• U.S.

How One California Family Has Been Caught in the Middle

9 minute read
S.C. Gwynne/Los Angeles

In a season of wildly conflicting pronouncements on the decline of the American middle class, the truth for most American families lies in the details of their lives. And the details paint a discouraging picture of the generational fortunes of the Forrester family since Bob, now 60, went to work as a tankerman in the Inland Boatmen’s Union in Los Angeles harbor in 1957.

Look, for example, at the jarring similarities in two family purchases: Bob Forrester’s first house, in 1957, and his daughter Peggy’s first new car, in 1985.

Bob, then 29, bought a three-bedroom house for $9,750. He put $750 down, which was less than 14% of his $5,512 a year in earnings, and paid $175 a month. It was all he could afford.

Twenty-eight years later, Peggy, then 27, bought a Ford Tempo for $8,500. She put $1,000 down, which was almost 6% of her $18,000 annual salary, and paid $230 a month. It was all she could afford.

Bob’s house, Peggy’s car. Though the gulf in buying power is already startlingly wide, it grows wider with time.

Bob sold that house in 1973 for $46,250, nearly five times what he paid for it. He then borrowed $24,000 and built a house that is now worth $300,000. Peggy still does not own a house; her car is now worth $4,000.

So the generational tale goes.

At the heart of the story are runaway real estate prices and a younger generation that was unable to climb aboard before housing became so hard to afford. It would cost Peggy almost $38,000 for a down payment on a median- price house in Los Angeles, something she could not manage at her present savings rate for about 40 years. As it is, she pays $500 a month in rent, almost three times as much as her father’s initial mortgage payments.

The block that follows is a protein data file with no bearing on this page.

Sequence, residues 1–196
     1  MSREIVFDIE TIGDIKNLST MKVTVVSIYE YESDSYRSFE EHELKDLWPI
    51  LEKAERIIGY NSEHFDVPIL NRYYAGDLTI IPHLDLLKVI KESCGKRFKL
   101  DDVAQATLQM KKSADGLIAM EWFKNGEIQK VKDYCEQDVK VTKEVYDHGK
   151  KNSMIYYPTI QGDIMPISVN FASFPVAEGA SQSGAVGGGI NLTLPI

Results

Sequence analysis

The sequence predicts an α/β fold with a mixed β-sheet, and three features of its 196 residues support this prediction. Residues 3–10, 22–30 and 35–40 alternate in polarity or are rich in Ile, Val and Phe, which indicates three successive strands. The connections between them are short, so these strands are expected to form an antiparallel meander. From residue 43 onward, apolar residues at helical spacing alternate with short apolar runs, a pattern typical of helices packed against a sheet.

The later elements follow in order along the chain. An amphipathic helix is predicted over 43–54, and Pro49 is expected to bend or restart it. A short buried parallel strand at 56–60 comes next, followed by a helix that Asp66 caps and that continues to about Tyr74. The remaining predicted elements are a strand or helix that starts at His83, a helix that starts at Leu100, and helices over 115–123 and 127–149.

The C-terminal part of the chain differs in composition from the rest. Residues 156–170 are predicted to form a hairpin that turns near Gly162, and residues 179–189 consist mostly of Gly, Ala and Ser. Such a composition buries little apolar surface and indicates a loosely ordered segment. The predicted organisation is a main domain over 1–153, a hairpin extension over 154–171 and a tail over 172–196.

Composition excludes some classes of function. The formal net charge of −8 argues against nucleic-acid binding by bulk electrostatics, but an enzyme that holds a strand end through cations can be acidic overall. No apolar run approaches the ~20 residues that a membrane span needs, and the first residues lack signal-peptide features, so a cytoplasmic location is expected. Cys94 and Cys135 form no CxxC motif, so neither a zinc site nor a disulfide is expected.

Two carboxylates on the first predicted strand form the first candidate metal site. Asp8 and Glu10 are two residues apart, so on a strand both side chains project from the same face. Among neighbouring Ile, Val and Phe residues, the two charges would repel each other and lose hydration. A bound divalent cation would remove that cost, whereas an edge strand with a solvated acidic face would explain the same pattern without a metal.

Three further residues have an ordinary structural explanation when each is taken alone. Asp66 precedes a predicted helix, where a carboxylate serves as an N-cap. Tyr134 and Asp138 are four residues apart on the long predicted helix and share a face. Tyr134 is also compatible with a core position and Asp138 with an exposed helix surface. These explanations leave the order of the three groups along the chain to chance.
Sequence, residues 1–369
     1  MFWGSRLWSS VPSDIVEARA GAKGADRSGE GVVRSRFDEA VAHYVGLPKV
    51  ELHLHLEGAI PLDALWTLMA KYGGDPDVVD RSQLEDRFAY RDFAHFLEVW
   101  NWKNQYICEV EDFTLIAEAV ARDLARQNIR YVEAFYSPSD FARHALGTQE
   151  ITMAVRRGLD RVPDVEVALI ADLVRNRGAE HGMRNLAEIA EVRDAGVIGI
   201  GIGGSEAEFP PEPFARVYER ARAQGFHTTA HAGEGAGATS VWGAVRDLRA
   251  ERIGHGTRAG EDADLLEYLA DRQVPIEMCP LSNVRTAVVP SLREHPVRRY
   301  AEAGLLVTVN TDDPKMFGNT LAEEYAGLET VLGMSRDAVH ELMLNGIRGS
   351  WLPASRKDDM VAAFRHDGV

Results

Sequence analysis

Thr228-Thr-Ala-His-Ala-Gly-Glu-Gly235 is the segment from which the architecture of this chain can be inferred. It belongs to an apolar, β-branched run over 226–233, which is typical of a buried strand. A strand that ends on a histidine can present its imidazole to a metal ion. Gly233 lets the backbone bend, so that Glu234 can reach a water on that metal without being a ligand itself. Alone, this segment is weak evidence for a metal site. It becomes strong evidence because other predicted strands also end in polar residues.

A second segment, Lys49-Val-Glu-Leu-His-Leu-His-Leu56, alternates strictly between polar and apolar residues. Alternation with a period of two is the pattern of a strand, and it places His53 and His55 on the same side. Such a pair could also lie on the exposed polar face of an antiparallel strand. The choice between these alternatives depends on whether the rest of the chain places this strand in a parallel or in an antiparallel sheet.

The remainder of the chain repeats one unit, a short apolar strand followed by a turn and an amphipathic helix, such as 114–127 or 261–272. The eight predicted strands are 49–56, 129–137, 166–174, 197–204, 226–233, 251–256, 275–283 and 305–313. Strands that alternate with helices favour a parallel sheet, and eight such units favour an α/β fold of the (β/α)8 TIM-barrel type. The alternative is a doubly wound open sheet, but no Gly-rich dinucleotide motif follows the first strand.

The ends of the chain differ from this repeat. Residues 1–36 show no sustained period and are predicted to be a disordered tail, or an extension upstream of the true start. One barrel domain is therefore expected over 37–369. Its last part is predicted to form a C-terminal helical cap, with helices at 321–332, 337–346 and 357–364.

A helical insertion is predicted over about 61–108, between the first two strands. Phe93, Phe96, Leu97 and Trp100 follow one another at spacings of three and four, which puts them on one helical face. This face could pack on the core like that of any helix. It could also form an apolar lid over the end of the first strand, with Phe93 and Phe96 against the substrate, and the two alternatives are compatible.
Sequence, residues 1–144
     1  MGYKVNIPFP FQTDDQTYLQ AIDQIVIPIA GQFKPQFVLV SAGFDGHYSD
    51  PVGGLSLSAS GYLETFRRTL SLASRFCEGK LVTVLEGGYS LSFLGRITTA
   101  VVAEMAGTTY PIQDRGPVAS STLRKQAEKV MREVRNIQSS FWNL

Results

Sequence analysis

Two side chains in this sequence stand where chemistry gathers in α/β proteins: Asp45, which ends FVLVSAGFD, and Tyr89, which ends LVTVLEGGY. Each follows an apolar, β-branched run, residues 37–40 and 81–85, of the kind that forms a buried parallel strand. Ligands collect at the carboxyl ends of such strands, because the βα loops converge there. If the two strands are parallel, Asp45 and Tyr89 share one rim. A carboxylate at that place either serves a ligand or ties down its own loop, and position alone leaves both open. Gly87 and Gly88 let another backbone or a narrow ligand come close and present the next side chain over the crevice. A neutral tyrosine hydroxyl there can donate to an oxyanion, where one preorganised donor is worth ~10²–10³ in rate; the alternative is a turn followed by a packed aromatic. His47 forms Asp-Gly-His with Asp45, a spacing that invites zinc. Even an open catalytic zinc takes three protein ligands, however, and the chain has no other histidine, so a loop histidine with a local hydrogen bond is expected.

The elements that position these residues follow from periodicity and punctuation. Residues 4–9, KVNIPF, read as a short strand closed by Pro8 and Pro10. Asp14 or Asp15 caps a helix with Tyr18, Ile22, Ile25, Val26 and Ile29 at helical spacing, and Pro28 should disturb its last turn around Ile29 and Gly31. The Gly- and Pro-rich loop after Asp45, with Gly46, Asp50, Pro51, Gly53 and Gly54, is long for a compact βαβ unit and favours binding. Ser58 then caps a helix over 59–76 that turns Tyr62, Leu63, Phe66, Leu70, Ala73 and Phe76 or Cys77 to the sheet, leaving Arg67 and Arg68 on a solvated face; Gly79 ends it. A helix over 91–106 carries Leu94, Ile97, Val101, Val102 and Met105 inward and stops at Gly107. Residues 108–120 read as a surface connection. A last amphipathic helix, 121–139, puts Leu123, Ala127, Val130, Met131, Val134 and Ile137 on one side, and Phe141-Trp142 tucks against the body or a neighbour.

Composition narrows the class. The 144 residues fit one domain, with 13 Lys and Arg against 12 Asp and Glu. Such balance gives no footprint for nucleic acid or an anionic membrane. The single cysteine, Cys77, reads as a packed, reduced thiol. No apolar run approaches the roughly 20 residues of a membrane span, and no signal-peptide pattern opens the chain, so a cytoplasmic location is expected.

The Forresters’ story, though, is about more than just real estate. It is about a fundamental shift in the social and economic structure of old working- class neighborhoods, away from the standard of living that Bob Forrester and his wife Carol have enjoyed.

Here’s another snapshot from the family financial album:

The year is 1979. Billy Forrester, Bob’s eldest son, 25, has gone to work “on the boats.” He is married, has a child, and is a member of the Inland Boatmen’s Union, just like his father. He works as a deckhand, making $11 an hour with full medical, dental and pension benefits. During his last full year in that work, he cleared $27,000 and saved $8,000, nearly enough for a down payment on a small house. The problem is that his company, United Towing, has just gone the way of dozens of other harbor companies: it has busted Billy’s union by hiring maritime workers from Louisiana at a cheaper wage. Billy is suddenly out of a job. A year later, he is scratching out $10,000 a year as a gardener.

Billy is the rule rather than the exception. The number of jobs in his local has dropped from 450 to 250 in the past 15 years. Though the Forrester children have done far better than some of their counterparts elsewhere who work at minimum-wage jobs, they still face a stark choice common to many high school-educated children of blue-collar workers: either to make it into a well-paid but precarious union job or to walk off an economic cliff into a nonunion service-sector job that pays a fraction of such wages.